i haven’t been able to get the home of famed Danish furniture designer Børge Mogensen out of my mind all week. i keep going back to Bo Bedre to look at all the rooms and oooooh over the light, the furniture & all the wood detailing. the kitchen is over 50 years old and the cabinets look like they were installed yesterday. in the future when i wince at the price of a beautiful piece of furniture or get quoted something crazy for custom cabinetry i’ll remember this house and how quality keeps for decades. might have to steal his framing idea, too…

all images courtesy of Bo Bedre

23

teapots

i’m one of those heathens who never ever makes tea in a teapot. i even sometimes leave the tea bag in my cup while i’m drinking it (gasp!) it would probably make more sense to start making tea like a civilized person, as it would mean that i could have 2… maybe 3 cups at a time. this is a good plan.

click on the teapots if you wish to buy them

ps: have you checked out the tea tags group at flickr? yes, tea tag enthusiasts. believe it.

7

a very big house in the country

whenever my friend and i watch a period drama the same discussion will always ensue. she’ll lament that we were born in the wrong era and talk about how happy we’d be if we could live in those times. i’ll try to convince her that we’d be bored out of our minds with just sewing and wandering around in gardens to keep us occupied. she’d rebut with the opinion that if sewing and garden wandering was all we ever knew we’d be content. i’d remind her that you’d have to be (a) rich or (b) married rich to actually enjoy worry free sewing and garden wandering. she’d say that being rich is a positive, not a negative. i’d remind her that we’d have to play lots of card games and that she hated them. she’d remind me i loved card games. and so it went on.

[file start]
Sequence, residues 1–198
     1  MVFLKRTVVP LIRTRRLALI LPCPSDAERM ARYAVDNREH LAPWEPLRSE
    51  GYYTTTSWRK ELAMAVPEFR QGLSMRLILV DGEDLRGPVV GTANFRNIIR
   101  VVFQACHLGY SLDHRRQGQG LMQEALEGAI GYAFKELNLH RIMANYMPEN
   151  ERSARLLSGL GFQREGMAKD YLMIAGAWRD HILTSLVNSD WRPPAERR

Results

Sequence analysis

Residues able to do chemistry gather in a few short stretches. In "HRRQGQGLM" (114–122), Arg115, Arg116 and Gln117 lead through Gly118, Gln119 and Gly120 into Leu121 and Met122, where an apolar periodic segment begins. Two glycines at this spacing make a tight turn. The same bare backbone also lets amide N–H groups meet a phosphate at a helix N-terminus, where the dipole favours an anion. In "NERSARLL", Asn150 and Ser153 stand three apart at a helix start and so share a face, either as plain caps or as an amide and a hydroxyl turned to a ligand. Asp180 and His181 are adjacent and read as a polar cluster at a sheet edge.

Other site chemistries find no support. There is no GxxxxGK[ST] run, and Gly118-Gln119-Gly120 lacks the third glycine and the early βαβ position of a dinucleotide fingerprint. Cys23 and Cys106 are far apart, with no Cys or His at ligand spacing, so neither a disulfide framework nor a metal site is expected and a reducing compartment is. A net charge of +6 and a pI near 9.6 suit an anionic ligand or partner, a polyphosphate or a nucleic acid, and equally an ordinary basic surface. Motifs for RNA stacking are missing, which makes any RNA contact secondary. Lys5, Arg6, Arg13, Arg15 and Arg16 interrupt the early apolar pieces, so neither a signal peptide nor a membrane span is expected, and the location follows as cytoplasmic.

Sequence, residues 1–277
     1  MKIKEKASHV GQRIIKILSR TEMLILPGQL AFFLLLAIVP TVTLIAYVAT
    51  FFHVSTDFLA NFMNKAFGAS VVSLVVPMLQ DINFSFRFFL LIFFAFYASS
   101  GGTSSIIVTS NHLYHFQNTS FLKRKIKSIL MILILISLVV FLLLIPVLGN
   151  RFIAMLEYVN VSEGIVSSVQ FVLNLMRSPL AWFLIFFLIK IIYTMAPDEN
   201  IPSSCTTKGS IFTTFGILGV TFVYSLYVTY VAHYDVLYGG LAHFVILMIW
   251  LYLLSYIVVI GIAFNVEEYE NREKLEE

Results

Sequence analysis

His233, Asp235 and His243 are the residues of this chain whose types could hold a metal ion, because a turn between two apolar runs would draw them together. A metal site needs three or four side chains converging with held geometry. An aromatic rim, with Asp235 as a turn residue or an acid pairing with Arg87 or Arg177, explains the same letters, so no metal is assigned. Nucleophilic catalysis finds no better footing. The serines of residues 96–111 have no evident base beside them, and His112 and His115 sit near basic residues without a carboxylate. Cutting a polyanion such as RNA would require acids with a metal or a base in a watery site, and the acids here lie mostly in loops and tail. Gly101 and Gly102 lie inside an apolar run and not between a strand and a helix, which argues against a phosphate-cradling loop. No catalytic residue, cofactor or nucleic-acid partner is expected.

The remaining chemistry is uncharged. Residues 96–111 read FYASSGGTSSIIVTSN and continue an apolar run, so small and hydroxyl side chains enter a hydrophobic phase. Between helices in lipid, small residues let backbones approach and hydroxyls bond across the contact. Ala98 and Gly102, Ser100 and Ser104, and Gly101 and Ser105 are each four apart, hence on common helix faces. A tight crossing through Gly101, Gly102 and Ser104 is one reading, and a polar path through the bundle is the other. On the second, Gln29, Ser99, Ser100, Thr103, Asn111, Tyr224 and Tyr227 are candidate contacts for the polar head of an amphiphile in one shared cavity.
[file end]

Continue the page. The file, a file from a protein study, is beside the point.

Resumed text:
i secretly agreed with her though, living on a country estate in those days must have been pretty damn sweet. IF you were rich and got to picnic all day and other people made your meals for you.

on that note, did anyone watch the latest glee with gwyneth? i thought it very cringey. what happened glee!

8

i would like to live here (please)

as a kid, friends of my parents had the most beautiful mid-century modern house situated on a hilltop that overlooked a valley (all mountains and vineyards and awesomeness). but i didn’t care about the view, i was only interested in the house. it was a single storey design with split levels and low ceilings – made basically entirely out of wood and glass. each room was on a different level and my brother and i used to explore from the bedrooms at the top making our way down through the tv room, kitchen, dining room, formal living room and guest bedrooms at the bottom. it was magic. then they moved, sold the house and it got demolished. i think i cried the day i found out.

if you just read that long story you might understand where my love for mid-century modern houses comes from and why i would love to live in one some day. nothing makes me feel more at home.

this is the beattie residence, designed by ulrich franzen.

4